Cicero on Judicious Generosity

Cicero, De officiis 2.62-63

“The case of the person who is hard-pressed by disaster is different from that of the one who seeks improved affairs when nothing adverse stands in the way. Charity will be obligated to favor those in misfortune unless there is some way they have earned their misfortune. Even for these, still, we should not refuse those who desire to be helped not only that they are suffering misfortune but that they may rise to a higher station. But we should guide our judgment and care in selecting those who are worthy. For, as Ennius famously says: “I believe that good deeds poorly placed are poorly done.”

In addition, when some benefit is given to a good and grateful man, it is useful both in his response and in others’ reactions too. For, generosity is most gratefully received it is not random and people praise it more heartily because it it is represents the goodness of a man in a high station and common refuge for all. Hence, efforts much be made to provide as many people as possible with benefits so that the memory of our generosity will be handed down to their children and grandchildren so that even they may not be ungrateful. For all people hand forgetfulness of a favor and consider it as an injury which has been committed against them because generosity is discouraged and those who do this are a common enemy of the poor.”

Alia causa est eius, qui calamitate premitur, et eius, qui res meliores quaerit nullis suis rebus adversis. Propensior benignitas esse debebit in calamitosos, nisi forte erunt digni calamitate. In iis tamen, qui se adiuvari volent, non ne affligantur, sed ut altiorem gradum ascendant, restricti omnino esse nullo modo debemus, sed in deligendis idoneis iudicium et diligentiam adhibere. Nam praeclare Ennius:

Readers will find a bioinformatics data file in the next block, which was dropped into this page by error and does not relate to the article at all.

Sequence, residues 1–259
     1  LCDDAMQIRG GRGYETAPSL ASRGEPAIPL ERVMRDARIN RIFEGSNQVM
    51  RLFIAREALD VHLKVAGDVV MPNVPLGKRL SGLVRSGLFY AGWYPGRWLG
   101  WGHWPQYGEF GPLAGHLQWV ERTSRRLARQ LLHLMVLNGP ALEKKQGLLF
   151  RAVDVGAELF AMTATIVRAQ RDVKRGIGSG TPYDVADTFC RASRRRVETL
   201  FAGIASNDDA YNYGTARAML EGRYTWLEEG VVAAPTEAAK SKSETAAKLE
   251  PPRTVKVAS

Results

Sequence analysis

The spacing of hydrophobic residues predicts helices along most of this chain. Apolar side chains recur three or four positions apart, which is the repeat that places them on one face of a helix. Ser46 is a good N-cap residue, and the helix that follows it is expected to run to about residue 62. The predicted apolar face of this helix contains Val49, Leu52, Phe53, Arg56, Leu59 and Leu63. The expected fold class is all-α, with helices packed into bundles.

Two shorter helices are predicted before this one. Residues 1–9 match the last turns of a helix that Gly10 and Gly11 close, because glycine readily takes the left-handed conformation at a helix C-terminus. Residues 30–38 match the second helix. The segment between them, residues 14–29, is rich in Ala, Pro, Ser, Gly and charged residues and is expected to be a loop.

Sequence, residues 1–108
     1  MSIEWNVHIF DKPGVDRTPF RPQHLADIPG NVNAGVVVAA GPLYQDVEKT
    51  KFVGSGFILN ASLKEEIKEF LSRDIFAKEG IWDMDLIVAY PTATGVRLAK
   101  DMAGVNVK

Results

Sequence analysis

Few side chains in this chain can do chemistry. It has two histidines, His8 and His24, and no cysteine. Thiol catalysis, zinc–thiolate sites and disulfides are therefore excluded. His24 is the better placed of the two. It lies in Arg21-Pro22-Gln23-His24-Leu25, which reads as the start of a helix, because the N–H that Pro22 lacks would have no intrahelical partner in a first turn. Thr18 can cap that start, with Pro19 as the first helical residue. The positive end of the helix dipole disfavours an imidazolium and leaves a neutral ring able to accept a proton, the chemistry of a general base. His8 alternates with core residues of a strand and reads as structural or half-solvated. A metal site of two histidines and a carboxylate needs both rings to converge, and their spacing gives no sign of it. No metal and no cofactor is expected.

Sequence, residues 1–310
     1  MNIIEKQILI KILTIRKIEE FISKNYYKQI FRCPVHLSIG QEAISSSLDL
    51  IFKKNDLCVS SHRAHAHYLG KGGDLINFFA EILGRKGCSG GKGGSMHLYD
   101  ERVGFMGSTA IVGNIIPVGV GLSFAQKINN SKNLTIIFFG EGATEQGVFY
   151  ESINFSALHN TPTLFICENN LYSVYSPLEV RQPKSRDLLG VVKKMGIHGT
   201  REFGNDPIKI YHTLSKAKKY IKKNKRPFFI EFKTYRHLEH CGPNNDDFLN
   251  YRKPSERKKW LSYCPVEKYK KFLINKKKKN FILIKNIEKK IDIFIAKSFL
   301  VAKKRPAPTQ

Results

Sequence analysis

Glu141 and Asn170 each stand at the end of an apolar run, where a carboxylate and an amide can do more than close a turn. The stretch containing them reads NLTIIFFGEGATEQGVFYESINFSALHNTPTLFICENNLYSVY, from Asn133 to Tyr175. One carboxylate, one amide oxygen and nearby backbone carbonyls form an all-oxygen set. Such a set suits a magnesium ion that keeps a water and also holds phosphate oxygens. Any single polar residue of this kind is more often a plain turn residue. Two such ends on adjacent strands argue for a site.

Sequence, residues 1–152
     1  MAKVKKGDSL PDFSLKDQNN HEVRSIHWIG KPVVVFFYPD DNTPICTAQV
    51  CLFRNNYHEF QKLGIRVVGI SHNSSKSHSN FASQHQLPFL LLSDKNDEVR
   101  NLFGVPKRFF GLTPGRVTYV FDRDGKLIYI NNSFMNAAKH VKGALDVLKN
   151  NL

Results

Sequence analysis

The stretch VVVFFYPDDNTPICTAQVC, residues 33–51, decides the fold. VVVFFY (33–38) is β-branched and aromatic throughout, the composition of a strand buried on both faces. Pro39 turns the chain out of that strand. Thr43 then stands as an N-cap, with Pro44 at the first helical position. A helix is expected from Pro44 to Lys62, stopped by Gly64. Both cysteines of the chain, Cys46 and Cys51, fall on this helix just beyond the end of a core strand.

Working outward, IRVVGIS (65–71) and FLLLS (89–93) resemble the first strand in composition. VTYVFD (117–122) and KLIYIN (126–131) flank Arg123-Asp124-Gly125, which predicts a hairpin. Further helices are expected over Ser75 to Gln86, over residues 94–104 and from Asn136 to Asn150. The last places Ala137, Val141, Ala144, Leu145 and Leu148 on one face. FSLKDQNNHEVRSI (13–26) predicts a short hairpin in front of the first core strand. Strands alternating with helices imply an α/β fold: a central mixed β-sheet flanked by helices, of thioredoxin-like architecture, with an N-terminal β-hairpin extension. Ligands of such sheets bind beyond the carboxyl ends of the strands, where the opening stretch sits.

Bene fácta male locáta male facta árbitror.

Quod autem tributum est bono viro et grato, in eo cum ex ipso fructus est, tum etiam ex ceteris. Temeritate enim remota gratissima est liberalitas, eoque eam studiosius plerique laudant, quod summi cuiusque bonitas commune perfugium est omnium. Danda igitur opera est, ut iis beneficiis quam plurimos afficiamus, quorum memoria liberis posterisque prodatur, ut iis ingratis esse non liceat. Omnes enim immemorem beneficii oderunt eamque iniuriam in deterrenda liberalitate sibi etiam fieri eumque, qui faciat, communem hostem tenuiorum putant.

Image result for medieval manuscript generosity
from the Roman de la Rose, Royal MS 20 A XVII, f. 9r

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